#Lean is social constructivism and constructionism (#stwg #systemsthinking)

A few days ago, I attended a Lean conference in Paris (with Michael Ballé) and had an insight with respect to what Lean senseïs (such as Michael) are trying to do.  Or, to be more accurate, I attached some specific meaning to a senseï-deshi relationship (which should be that of a manager with his collaborators, by the way). The details of this kind of relationship and what it entails is well described in Toyota Kata by Mike Rother (a book I yet have to read as I can’t keep pace with the TAKT of Toyota books being released… More info from Mike Rother is available on his own homepage for Toyota Kata with summary slides).

What is it that I had an insight about? Well, one recalls that:

  • a manager should spend most of his time on the Gemba, coaching his collaborators
  • the coaching consist mainly in having people repeat the PDCA loop: grasp the situation (by going to the gemba again), make hypothesis, test solutions and adjust/genealize through standardization where applicable.

One utterly important point (to me) is that the manager/senseï always stresses that grasping the situation, hypothesis formulation, solution testing and standardization must be done with all people impacted, on the gemba.

Testing is where constructionism as a learning theory occurs and co-thinking on a problem is where social constructivism happens. Let me explain below.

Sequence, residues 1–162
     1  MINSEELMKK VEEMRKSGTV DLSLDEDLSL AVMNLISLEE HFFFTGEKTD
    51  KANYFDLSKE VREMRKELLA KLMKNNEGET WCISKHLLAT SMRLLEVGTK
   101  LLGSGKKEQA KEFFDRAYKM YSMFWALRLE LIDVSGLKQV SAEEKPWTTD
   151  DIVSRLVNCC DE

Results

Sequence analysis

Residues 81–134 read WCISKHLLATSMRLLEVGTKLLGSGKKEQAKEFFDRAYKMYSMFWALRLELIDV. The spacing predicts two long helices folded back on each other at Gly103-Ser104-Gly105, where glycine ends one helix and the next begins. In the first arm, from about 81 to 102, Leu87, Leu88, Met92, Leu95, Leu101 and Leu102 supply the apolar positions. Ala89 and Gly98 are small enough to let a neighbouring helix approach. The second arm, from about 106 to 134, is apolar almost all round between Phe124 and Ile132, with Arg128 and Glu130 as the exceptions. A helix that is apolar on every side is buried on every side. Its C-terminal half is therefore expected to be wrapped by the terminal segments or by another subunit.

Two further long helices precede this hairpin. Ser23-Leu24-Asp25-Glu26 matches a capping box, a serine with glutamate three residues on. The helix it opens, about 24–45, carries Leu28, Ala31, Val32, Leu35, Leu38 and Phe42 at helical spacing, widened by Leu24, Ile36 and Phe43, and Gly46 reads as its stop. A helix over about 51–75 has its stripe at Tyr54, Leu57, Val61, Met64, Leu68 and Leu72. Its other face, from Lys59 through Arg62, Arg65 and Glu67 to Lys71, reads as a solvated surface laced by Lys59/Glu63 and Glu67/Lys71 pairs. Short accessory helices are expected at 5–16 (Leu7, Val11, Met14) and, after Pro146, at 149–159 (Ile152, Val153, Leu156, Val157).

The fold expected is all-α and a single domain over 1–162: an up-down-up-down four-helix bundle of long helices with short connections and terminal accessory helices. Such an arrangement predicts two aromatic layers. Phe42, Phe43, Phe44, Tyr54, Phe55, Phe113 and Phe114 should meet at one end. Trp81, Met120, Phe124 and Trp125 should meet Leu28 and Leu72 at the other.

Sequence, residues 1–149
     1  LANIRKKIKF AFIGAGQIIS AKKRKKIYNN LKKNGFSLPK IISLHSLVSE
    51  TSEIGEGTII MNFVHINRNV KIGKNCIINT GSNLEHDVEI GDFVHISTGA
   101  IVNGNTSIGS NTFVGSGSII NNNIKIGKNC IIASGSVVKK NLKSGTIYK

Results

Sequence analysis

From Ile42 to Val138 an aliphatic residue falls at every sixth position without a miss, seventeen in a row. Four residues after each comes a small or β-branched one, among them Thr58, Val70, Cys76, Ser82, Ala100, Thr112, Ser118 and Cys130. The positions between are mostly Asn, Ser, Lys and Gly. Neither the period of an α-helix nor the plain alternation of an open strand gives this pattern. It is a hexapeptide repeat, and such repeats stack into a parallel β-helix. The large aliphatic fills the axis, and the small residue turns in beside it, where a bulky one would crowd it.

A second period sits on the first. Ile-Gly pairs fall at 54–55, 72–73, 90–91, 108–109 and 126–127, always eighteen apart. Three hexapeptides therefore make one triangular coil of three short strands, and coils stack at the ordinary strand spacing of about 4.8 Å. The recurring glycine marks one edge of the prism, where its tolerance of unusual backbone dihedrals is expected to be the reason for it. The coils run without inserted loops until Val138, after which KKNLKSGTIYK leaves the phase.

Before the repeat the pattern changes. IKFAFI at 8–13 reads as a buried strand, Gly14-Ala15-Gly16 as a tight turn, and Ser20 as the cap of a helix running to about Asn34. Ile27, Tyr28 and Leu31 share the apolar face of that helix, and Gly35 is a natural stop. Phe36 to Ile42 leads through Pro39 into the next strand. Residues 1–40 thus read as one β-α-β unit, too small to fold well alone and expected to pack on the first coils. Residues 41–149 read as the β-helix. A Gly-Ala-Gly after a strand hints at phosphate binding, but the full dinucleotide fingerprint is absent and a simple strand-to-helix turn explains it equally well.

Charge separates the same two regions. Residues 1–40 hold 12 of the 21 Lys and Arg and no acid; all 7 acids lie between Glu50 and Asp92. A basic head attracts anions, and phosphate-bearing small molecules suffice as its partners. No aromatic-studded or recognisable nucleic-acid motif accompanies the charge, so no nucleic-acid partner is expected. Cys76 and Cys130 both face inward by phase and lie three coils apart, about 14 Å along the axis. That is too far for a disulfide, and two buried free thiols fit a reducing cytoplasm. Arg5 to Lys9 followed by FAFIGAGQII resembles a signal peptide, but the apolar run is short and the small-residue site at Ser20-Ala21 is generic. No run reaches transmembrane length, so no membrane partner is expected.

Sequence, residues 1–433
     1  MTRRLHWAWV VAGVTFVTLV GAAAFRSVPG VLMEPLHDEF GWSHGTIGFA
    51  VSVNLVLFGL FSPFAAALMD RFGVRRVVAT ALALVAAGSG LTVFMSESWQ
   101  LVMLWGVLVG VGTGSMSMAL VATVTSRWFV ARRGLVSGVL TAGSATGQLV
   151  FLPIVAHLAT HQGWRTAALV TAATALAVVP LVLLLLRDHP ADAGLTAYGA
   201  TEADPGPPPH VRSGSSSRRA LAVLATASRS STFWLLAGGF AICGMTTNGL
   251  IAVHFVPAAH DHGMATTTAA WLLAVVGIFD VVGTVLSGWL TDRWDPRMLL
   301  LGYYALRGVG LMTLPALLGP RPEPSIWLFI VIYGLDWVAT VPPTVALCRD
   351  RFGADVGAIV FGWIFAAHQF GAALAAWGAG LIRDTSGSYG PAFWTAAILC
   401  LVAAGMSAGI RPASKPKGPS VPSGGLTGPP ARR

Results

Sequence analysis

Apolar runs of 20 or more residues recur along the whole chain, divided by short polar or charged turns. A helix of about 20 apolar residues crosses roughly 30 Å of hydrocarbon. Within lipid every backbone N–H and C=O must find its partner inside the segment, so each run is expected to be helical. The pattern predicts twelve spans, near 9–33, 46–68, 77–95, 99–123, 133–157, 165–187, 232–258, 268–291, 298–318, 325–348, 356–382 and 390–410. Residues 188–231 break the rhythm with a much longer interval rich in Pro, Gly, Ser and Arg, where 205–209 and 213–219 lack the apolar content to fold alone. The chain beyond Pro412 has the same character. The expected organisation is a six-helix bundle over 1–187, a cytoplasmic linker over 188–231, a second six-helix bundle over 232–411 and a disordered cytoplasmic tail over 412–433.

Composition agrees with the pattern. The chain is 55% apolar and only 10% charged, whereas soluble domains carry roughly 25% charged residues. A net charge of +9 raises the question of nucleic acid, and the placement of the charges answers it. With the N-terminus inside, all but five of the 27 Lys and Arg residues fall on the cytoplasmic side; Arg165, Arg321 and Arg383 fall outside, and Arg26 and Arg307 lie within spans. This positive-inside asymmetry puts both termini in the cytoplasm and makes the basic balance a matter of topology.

On social constructivism in Lean

Lean is very high on socialization of workers (and managers! Western companies should learn from that) and the A3 document is where this most evidently occurs: the A3 holder should not work on his problem on his own but meet with all stakeholders with the A3 as a central point of discussion and summary of discoveries about the problem.

What this process is all about is plain social constructivism: people make meaning of their work environment by constantly exchanging between them about it, either in groups (in Obeyas) or face to face.

Here’s what wikipedia says about social constructivism:

Social constructivism is a sociological theory of knowledge that applies the general philosophical constructionism into social settings, wherein groups construct knowledge for one another, collaboratively creating a small culture of shared artifacts with shared meanings. When one is immersed within a culture of this sort, one is learning all the time about how to be a part of that culture on many levels. Its origins are largely attributed to Lev Vygotsky.

(emphasis mine)

Sounds familiar to Lean people, huh?

Social constructivism is a way of seeing knowledge as meaning made out of social interaction. Any other “knowledge” is just hypothesis making and needs to be confronted (dialogued) with other people to check for validity and build meaning “into” it.

We all know how senseïs work hardly at breaking our (often wrong) mental models and replacing them with 1) Dialogue with stakeholders and 2) genchi genbutsu. This is where the second part happens.

On constructionism (learning theory) in Lean